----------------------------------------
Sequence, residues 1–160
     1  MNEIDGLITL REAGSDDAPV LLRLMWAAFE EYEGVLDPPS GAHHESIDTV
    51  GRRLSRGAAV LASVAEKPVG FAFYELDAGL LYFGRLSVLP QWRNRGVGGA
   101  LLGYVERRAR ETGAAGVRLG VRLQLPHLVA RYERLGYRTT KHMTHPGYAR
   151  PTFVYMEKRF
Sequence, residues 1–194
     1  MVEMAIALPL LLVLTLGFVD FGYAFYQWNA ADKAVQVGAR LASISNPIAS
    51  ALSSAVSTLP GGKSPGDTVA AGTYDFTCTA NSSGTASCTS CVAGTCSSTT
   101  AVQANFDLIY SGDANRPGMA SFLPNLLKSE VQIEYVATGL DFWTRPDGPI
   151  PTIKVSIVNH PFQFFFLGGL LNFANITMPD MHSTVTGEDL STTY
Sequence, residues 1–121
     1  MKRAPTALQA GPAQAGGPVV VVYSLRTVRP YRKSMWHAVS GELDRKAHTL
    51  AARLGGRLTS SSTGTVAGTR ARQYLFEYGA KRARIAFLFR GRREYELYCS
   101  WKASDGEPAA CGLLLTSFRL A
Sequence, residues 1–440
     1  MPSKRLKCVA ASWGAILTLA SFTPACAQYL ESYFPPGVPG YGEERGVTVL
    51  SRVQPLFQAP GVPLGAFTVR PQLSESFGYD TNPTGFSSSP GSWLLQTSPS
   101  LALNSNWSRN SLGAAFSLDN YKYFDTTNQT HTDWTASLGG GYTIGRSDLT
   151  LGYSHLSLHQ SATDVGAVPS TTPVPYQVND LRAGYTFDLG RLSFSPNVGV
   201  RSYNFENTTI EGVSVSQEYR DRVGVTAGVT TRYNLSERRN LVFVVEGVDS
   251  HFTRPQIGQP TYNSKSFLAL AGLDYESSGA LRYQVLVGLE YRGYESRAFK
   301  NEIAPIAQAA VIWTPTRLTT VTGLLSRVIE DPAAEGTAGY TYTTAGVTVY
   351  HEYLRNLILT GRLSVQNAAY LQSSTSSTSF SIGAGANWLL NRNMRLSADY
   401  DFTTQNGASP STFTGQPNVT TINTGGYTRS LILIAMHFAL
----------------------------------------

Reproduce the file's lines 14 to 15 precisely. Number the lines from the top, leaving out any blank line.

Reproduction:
   101  WKASDGEPAA CGLLLTSFRL A
Sequence, residues 1–440